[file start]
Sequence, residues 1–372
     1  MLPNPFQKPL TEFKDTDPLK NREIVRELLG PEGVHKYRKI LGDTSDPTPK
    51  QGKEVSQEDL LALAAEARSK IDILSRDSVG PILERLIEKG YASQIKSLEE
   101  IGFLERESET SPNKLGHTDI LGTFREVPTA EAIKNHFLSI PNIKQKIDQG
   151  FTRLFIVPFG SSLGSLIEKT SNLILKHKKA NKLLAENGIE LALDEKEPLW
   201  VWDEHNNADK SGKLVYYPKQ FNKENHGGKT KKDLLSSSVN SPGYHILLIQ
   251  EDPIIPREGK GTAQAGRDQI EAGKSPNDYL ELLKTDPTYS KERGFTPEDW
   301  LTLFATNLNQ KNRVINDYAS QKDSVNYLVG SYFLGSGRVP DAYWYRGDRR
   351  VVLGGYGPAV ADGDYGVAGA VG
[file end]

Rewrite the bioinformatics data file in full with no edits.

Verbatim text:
Sequence, residues 1–372
     1  MLPNPFQKPL TEFKDTDPLK NREIVRELLG PEGVHKYRKI LGDTSDPTPK
    51  QGKEVSQEDL LALAAEARSK IDILSRDSVG PILERLIEKG YASQIKSLEE
   101  IGFLERESET SPNKLGHTDI LGTFREVPTA EAIKNHFLSI PNIKQKIDQG
   151  FTRLFIVPFG SSLGSLIEKT SNLILKHKKA NKLLAENGIE LALDEKEPLW
   201  VWDEHNNADK SGKLVYYPKQ FNKENHGGKT KKDLLSSSVN SPGYHILLIQ
   251  EDPIIPREGK GTAQAGRDQI EAGKSPNDYL ELLKTDPTYS KERGFTPEDW
   301  LTLFATNLNQ KNRVINDYAS QKDSVNYLVG SYFLGSGRVP DAYWYRGDRR
   351  VVLGGYGPAV ADGDYGVAGA VG